Bobby Wayne, a retired reverend with prostate cancer and leukemia, had spent a week calling health agencies around his county in Mississippi, trying to find out where to get the Covid-19 vaccine.
But when Mr. Wayne, 64, called the state’s hotline on Monday, he said an operator, whose job was to help residents schedule vaccine appointments, gave him unnerving and incorrect information.
“This is the way she put it to me: They had no documentation that the vaccine was effective,” Mr. Wayne said. “And then she asked me did I still want to take it.”
When he told her “yes,” he said the operator replied that there were no appointments available and that he should call again the next morning.
The confusion was the result of “miscommunication” over a misleading script that the hotline operators had been given, according to the State Department of Health.
The script referred to pregnant women, women who were lactating and people with compromised immune systems.
It asked: “Do you still want to be vaccinated with an understanding there are currently no available data on the safety or effectiveness of Covid-19 vaccines, including Moderna Covid-19 vaccine, in pregnant people, lactating people, or immunocompromised people?”
Most experts agree that the risks to pregnant women from Covid-19 are far greater than any theoretical harm from the vaccines. Doctors have said they believe that the vaccines are safe for people with autoimmune conditions.
Liz Sharlot, a spokeswoman for Mississippi’s State Department of Health, said that the wording in the script could be confusing “when read out of context.”
March 25, 2021, 6:56 a.m. ET
“We are replacing this confusing and misleading language,” she said in a statement
However, Ms. Sharlot said the operators were never told that there was no documented proof that the Moderna vaccine or any other vaccine authorized for use by the Food and Drug Administration worked.
“Just the opposite is true,” she said. “Both Moderna and Pfizer have high efficacy rates.”
Ms. Sharlot added, “I think the gentleman misunderstood.”
Mr. Wayne said he understood perfectly.
“I’m not confused at all,” he said. “I may be 64 years old and handicapped, but my brain is still functioning and my ears are, too.”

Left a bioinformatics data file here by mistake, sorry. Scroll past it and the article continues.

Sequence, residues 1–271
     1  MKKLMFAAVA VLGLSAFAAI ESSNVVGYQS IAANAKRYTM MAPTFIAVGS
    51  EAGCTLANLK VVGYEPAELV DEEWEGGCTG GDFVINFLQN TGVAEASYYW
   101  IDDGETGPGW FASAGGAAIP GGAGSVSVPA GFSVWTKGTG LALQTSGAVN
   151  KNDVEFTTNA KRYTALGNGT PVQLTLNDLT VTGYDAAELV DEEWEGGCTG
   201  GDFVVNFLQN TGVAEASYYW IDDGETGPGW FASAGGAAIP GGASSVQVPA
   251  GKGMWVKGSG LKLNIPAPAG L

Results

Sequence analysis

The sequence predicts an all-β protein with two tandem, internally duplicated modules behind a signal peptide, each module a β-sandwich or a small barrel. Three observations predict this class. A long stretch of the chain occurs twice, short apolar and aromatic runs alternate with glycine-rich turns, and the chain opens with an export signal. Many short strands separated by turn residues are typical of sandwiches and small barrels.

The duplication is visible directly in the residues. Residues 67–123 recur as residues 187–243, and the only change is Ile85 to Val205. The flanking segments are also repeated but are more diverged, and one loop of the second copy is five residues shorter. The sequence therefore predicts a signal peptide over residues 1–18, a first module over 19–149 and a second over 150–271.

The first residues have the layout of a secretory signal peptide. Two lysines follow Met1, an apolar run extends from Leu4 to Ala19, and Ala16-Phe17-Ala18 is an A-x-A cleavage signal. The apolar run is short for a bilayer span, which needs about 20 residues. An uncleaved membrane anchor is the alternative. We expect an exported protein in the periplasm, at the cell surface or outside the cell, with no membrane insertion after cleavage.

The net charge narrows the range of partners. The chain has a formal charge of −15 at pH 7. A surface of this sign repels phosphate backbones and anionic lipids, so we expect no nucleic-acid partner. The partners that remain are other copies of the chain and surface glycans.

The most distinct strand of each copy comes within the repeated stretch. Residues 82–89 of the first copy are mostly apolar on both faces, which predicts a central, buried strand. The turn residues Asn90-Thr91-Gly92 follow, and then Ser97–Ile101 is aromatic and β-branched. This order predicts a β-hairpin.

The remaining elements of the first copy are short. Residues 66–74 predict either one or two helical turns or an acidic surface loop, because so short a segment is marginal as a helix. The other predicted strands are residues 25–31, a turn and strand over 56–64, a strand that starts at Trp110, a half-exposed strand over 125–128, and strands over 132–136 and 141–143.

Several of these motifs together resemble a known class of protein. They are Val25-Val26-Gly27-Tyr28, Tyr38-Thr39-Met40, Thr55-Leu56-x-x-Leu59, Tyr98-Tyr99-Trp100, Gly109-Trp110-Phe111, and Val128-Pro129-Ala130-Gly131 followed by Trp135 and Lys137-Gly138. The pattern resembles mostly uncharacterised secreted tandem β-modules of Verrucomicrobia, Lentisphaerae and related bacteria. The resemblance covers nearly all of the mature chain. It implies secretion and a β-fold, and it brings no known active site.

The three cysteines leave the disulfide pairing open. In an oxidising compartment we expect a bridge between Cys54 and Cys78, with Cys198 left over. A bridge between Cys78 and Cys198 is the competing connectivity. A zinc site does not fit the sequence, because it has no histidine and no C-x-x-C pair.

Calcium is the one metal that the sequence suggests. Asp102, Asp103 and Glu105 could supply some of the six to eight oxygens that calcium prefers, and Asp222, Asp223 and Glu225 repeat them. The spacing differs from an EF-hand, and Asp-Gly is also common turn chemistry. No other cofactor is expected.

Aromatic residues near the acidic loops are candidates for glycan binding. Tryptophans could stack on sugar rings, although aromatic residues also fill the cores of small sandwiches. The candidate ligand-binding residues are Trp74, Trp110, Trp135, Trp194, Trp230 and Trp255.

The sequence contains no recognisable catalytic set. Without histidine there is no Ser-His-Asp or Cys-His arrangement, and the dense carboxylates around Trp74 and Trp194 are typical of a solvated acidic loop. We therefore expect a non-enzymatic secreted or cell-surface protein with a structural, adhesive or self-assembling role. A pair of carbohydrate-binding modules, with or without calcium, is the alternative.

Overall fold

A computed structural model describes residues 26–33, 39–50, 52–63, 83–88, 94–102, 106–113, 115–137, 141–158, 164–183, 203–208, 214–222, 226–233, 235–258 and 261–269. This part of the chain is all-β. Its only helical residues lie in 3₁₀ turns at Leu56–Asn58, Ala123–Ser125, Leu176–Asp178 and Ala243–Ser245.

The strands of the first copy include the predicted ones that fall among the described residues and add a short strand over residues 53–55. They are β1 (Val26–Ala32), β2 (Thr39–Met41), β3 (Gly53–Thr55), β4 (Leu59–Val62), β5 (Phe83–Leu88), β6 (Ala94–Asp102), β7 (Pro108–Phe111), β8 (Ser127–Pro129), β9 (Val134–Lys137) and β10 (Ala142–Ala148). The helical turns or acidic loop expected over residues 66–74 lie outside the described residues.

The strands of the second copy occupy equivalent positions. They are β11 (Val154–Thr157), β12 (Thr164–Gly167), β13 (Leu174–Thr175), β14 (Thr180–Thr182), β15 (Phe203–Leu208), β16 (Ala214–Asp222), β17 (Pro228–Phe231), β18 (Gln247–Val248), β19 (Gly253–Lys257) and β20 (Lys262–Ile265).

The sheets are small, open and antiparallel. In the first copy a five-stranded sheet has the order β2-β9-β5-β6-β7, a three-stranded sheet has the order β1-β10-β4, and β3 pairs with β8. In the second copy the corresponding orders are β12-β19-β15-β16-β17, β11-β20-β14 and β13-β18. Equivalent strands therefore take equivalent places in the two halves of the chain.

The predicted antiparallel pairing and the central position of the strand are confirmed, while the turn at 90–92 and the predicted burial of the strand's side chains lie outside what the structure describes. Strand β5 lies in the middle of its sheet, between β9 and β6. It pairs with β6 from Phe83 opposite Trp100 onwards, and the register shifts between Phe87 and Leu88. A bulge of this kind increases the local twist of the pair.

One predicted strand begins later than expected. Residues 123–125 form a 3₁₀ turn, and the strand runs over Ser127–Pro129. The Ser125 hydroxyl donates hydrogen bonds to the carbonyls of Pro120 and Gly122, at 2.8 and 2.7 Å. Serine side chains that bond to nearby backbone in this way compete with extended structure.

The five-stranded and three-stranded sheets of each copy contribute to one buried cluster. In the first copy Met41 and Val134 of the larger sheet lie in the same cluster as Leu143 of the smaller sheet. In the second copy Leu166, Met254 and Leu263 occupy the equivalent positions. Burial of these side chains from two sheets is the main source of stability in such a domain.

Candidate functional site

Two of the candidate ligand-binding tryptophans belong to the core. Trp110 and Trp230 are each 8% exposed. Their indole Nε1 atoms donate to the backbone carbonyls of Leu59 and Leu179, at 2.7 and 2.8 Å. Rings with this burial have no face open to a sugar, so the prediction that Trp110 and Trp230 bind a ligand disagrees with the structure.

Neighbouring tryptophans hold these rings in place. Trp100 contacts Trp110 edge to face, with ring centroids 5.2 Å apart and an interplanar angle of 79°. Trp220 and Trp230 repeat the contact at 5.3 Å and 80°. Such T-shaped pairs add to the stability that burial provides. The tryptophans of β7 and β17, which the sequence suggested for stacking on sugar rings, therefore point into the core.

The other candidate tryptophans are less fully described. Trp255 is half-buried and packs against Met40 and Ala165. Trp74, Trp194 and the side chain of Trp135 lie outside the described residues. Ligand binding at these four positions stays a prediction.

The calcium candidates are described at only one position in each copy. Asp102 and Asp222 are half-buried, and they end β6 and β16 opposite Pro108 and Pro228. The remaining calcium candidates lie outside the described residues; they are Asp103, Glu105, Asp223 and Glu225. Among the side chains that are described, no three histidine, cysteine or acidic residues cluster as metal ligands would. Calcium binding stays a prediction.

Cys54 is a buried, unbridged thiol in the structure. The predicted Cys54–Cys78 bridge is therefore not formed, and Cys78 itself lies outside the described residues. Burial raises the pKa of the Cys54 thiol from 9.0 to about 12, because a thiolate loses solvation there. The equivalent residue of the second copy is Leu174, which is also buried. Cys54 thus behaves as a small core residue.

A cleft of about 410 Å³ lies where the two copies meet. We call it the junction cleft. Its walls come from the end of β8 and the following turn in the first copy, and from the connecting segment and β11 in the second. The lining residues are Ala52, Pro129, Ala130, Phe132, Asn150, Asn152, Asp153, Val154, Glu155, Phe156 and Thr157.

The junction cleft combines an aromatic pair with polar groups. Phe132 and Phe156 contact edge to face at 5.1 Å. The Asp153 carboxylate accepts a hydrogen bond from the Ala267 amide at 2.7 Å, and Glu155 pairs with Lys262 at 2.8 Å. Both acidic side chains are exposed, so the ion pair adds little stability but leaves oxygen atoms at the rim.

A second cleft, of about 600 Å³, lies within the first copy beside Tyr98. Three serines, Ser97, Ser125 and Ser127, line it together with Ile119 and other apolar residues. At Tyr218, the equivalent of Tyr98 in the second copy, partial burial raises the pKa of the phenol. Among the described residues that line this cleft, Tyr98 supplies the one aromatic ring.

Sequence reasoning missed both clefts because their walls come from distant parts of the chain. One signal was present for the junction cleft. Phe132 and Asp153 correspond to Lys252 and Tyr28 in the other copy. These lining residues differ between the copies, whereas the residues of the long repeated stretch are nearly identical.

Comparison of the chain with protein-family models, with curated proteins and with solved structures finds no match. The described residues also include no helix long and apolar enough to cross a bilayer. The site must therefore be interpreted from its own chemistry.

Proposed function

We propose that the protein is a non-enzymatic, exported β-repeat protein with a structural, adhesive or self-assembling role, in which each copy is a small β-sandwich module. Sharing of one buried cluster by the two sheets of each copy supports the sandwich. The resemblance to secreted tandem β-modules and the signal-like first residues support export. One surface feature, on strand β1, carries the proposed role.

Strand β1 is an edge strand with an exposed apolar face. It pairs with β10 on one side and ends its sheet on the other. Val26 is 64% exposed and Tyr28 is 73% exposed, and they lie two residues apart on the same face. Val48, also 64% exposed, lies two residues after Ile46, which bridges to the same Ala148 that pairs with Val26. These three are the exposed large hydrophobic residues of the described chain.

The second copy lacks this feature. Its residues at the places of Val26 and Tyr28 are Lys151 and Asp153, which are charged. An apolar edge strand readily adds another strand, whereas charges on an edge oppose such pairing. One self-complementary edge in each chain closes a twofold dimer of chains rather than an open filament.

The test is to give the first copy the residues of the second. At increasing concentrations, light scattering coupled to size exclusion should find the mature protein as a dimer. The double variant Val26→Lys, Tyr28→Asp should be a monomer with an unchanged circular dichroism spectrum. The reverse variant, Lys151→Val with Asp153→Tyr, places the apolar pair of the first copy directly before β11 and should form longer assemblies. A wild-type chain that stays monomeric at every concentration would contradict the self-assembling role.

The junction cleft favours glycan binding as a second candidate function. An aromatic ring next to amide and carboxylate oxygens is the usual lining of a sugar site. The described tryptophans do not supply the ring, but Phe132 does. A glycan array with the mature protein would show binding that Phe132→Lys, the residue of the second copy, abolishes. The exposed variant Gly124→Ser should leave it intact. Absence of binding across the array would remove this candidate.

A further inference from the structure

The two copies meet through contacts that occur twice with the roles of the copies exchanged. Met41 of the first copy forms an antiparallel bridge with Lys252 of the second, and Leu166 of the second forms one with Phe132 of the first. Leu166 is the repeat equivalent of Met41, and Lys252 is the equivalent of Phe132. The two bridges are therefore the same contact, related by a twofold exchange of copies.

Mr. Wayne said it was unsettling to think people calling for information about getting vaccinated could be discouraged by the very people who are meant to help them get a shot.
“I wouldn’t want anybody else going through that,” he said.
Mississippi has administered at least one dose of a Covid-19 vaccine to 22 percent of its population, according to a New York Times database, putting it among the states that have had a slower rollout. Just over 12 percent of state residents have been fully vaccinated.
Mr. Wayne’s daughter, Elizabeth Wayne, an assistant professor of biomedical engineering at Carnegie Mellon University, complained on Twitter about her father’s conversation with the state hotline operator and called it a “violence.”
“It’s dangerous,” Dr. Wayne said. “There is a therapy available. There is a way to treat something, and you’re making it difficult for them to have access to that treatment so it’s increasing the likelihood they may become sick.”
The Mississippi Free Press reported the story after Dr. Wayne wrote about her father’s experience on Twitter.
Dr. Thomas E. Dobbs III, the state health officer, responded to her post on Twitter, sharing a link to a study in the New England Journal of Medicine that showed the Moderna vaccine was 94.1 percent effective at preventing Covid-19 and that “no safety concerns were identified.”
Dr. Wayne said she was pleased that the health department appeared to take her concerns, and her father’s, seriously.
“I think it was a really good example of the State Health Department trying to reach out because they actually want to restore faith” in the vaccine, she said.
Mr. Wayne said he got his shot on Wednesday morning.
“I feel a whole lot better,” he said.